Article  Google Scholar 

  21. Gloag R, Tan K, Wang Y, Song W, Luo W, Buchman G et al. (2017). No evidence of queen thelytoky following interspecific crosses of the honey bees Apis cerana and Apis mellifera. Insect Soc 64: 241.

    Article  Google Scholar 

  22. Goodisman MAD, Matthews RW, Crozier RH . (2002). Mating and reproduction in the wasp Vespula germanica. Behav Ecol Sociobiol 51: 497–502.

    Article  Google Scholar 

  23. Greenbaum G, Templeton AR, Zarmi Y, Bar-David S . (2014). Allelic richness following population founding events—a stochastic modeling framework incorporating gene flow and genetic drift. PLoS ONE 9: e115203.

    Article  Google Scholar 

  24. Hanna C, Cook ED, Thompson AR, Dare LE, Palaski AL, Foote D et al. (2014). Colony social structure in native and invasive populations of the social wasp Vespula pensylvanica. Biol Invasions 16: 283–294.

    Article  Google Scholar 

  25. Hasselmann M, Beye M . (2004). Signatures of selection among sex-determining alleles of the honey bee. Proc Natl Acad Sci USA 101: 4888–4893.

    CAS  Article  Google Scholar 

  26. Hasselmann M, Vekemans X, Pflugfelder J, Koeniger N, Koeniger G, Tingek S et al. (2008). Evidence for convergent nucleotide evolution and high allelic turnover rates at the complementary sex determiner gene of Western and Asian honeybees. Mol Biol Evol 25: 696–708.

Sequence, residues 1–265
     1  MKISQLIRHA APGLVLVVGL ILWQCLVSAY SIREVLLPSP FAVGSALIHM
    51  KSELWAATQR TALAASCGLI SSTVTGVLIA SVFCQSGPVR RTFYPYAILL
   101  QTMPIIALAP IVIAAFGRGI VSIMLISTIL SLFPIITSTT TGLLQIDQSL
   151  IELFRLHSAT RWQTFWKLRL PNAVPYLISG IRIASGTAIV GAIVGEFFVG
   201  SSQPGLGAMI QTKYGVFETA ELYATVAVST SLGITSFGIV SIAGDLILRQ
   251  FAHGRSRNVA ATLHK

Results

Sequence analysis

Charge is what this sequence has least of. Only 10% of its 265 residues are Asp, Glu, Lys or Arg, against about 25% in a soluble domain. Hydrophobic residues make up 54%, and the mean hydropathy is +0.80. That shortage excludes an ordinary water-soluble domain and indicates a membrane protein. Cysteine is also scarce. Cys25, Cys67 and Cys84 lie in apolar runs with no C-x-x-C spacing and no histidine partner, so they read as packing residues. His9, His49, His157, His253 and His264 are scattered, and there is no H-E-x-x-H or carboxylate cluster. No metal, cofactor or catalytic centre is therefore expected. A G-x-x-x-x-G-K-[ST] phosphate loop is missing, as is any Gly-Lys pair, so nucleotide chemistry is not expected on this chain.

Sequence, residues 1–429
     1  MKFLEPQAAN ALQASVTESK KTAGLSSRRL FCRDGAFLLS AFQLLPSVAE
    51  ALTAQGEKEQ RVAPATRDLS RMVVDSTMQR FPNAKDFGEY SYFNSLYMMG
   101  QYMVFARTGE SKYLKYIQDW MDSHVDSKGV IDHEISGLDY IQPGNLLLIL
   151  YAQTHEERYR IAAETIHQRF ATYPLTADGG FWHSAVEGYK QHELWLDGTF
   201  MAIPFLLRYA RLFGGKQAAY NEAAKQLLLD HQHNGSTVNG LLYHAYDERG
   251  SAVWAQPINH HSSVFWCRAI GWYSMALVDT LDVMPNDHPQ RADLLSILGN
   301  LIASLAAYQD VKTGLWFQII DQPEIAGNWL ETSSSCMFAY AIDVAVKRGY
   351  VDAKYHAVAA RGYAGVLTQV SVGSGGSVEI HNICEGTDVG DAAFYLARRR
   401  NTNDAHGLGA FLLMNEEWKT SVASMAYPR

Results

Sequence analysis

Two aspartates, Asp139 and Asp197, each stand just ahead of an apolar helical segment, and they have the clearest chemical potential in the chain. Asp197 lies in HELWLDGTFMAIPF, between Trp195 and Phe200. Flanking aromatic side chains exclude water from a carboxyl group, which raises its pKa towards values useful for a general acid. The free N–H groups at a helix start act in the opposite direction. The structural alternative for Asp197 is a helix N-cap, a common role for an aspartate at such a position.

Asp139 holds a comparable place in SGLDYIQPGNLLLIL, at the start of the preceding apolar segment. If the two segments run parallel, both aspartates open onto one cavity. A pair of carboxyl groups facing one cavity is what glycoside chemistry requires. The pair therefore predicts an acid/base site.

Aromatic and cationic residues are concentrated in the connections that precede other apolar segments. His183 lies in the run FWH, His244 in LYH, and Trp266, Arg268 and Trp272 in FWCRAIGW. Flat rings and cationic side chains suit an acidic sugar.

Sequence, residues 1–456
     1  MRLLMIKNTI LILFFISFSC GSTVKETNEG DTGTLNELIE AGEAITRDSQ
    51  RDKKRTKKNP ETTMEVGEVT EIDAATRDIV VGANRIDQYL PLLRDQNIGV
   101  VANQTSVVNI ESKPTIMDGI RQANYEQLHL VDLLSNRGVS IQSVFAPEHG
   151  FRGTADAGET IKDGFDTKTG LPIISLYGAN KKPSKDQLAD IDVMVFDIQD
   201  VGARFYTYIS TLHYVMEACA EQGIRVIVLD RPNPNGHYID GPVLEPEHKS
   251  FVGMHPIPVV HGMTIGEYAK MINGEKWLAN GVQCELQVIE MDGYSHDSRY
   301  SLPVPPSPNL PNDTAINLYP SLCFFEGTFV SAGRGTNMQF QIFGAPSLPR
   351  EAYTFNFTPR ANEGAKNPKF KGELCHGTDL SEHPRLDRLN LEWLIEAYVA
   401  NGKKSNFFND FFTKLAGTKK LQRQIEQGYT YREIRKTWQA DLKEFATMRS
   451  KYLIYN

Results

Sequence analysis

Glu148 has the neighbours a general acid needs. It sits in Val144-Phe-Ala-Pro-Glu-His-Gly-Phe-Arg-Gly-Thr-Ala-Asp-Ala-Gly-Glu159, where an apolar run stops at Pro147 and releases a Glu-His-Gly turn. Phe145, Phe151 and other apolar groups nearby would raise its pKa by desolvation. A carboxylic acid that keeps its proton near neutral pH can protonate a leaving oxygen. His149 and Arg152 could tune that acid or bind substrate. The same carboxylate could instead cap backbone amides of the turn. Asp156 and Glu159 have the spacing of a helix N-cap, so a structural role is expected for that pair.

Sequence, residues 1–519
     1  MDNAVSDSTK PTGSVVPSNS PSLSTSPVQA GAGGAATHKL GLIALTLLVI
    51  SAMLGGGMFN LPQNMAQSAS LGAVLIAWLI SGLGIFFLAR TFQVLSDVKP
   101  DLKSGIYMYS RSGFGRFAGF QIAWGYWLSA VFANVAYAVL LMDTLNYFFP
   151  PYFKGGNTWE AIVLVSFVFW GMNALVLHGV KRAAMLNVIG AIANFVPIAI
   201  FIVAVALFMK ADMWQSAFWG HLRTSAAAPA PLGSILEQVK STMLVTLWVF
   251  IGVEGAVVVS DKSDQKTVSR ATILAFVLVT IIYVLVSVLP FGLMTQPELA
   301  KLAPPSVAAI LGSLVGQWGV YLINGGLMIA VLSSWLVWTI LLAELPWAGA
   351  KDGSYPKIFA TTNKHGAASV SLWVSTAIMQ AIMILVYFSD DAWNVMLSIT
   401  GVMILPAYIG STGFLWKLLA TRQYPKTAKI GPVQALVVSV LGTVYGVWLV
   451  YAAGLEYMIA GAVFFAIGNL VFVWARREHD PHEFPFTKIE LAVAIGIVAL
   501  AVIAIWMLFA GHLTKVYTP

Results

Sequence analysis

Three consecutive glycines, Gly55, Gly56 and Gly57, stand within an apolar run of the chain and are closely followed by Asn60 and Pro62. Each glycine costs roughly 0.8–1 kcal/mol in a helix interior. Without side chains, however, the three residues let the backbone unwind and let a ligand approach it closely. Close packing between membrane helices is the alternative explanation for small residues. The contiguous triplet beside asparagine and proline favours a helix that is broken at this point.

CAS  Article  Google Scholar 

  27. Heimpel GE, de Boer JG . (2008). Sex determination in the Hymenoptera. Annu Rev Entomol 53: 209–230.

    CAS  Article  Google Scholar 

  28. Holman L, Kokko H . (2013). The consequences of polyandry for population viability, extinction risk and conservation. Phil Trans R Soc B 368: 20120053.

    Article  Google Scholar 

  29. Hughes WOH, Oldroyd BP, Beekman M, Ratnieks FLW . (2008). Ancestral monogamy shows kin selection is the key to the evolution of eusociality. Science 320: 1213–1216.

    CAS  Article  Google Scholar 

  30. Jones JC, Myerscough MR, Graham S, Oldroyd BP . (2004). Honey bee nest thermoregulation: diversity promotes stability. Science 305: 402–404.

    CAS  Article  Google Scholar 

  31. Jones OR, Wang J . (2010). COLONY: a program for parentage and sibship inference from multilocus genotype data. Mol Ecol Resour 10: 551–555.